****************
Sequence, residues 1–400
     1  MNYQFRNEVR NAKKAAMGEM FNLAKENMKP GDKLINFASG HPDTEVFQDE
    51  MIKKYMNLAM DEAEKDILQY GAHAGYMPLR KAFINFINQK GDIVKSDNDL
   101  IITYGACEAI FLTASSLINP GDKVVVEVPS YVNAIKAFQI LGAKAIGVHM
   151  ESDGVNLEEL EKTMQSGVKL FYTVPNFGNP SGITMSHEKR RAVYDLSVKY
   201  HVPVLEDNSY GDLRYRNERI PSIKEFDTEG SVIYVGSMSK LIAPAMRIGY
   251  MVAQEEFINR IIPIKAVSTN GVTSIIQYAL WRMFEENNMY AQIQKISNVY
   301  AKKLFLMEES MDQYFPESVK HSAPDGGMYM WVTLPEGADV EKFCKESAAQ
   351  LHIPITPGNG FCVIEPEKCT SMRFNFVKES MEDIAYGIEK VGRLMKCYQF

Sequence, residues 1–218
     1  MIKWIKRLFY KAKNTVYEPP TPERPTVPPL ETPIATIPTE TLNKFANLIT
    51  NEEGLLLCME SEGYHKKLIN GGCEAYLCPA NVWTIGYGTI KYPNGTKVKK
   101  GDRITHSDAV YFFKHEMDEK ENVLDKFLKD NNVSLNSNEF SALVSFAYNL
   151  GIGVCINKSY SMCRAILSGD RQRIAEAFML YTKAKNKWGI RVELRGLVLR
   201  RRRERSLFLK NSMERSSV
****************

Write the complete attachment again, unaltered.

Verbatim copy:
Sequence, residues 1–400
     1  MNYQFRNEVR NAKKAAMGEM FNLAKENMKP GDKLINFASG HPDTEVFQDE
    51  MIKKYMNLAM DEAEKDILQY GAHAGYMPLR KAFINFINQK GDIVKSDNDL
   101  IITYGACEAI FLTASSLINP GDKVVVEVPS YVNAIKAFQI LGAKAIGVHM
   151  ESDGVNLEEL EKTMQSGVKL FYTVPNFGNP SGITMSHEKR RAVYDLSVKY
   201  HVPVLEDNSY GDLRYRNERI PSIKEFDTEG SVIYVGSMSK LIAPAMRIGY
   251  MVAQEEFINR IIPIKAVSTN GVTSIIQYAL WRMFEENNMY AQIQKISNVY
   301  AKKLFLMEES MDQYFPESVK HSAPDGGMYM WVTLPEGADV EKFCKESAAQ
   351  LHIPITPGNG FCVIEPEKCT SMRFNFVKES MEDIAYGIEK VGRLMKCYQF

Sequence, residues 1–218
     1  MIKWIKRLFY KAKNTVYEPP TPERPTVPPL ETPIATIPTE TLNKFANLIT
    51  NEEGLLLCME SEGYHKKLIN GGCEAYLCPA NVWTIGYGTI KYPNGTKVKK
   101  GDRITHSDAV YFFKHEMDEK ENVLDKFLKD NNVSLNSNEF SALVSFAYNL
   151  GIGVCINKSY SMCRAILSGD RQRIAEAFML YTKAKNKWGI RVELRGLVLR
   201  RRRERSLFLK NSMERSSV